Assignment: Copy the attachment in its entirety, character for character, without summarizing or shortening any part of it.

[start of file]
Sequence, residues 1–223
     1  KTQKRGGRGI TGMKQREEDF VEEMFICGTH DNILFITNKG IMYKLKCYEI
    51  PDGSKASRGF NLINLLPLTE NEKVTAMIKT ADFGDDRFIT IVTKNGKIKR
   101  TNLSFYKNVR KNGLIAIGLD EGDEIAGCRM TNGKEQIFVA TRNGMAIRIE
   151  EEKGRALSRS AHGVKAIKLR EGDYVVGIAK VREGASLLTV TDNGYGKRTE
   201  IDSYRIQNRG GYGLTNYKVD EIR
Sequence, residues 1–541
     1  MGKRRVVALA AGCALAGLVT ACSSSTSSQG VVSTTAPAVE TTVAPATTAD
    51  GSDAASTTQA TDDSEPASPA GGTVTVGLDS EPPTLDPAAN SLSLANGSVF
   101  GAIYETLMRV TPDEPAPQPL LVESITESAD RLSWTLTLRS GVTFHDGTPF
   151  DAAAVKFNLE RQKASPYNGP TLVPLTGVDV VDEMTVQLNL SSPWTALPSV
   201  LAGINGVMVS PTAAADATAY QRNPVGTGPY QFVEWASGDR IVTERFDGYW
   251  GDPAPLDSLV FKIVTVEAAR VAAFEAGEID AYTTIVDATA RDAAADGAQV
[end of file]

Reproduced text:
Sequence, residues 1–223
     1  KTQKRGGRGI TGMKQREEDF VEEMFICGTH DNILFITNKG IMYKLKCYEI
    51  PDGSKASRGF NLINLLPLTE NEKVTAMIKT ADFGDDRFIT IVTKNGKIKR
   101  TNLSFYKNVR KNGLIAIGLD EGDEIAGCRM TNGKEQIFVA TRNGMAIRIE
   151  EEKGRALSRS AHGVKAIKLR EGDYVVGIAK VREGASLLTV TDNGYGKRTE
   201  IDSYRIQNRG GYGLTNYKVD EIR
Sequence, residues 1–541
     1  MGKRRVVALA AGCALAGLVT ACSSSTSSQG VVSTTAPAVE TTVAPATTAD
    51  GSDAASTTQA TDDSEPASPA GGTVTVGLDS EPPTLDPAAN SLSLANGSVF
   101  GAIYETLMRV TPDEPAPQPL LVESITESAD RLSWTLTLRS GVTFHDGTPF
   151  DAAAVKFNLE RQKASPYNGP TLVPLTGVDV VDEMTVQLNL SSPWTALPSV
   201  LAGINGVMVS PTAAADATAY QRNPVGTGPY QFVEWASGDR IVTERFDGYW
   251  GDPAPLDSLV FKIVTVEAAR VAAFEAGEID AYTTIVDATA RDAAADGAQV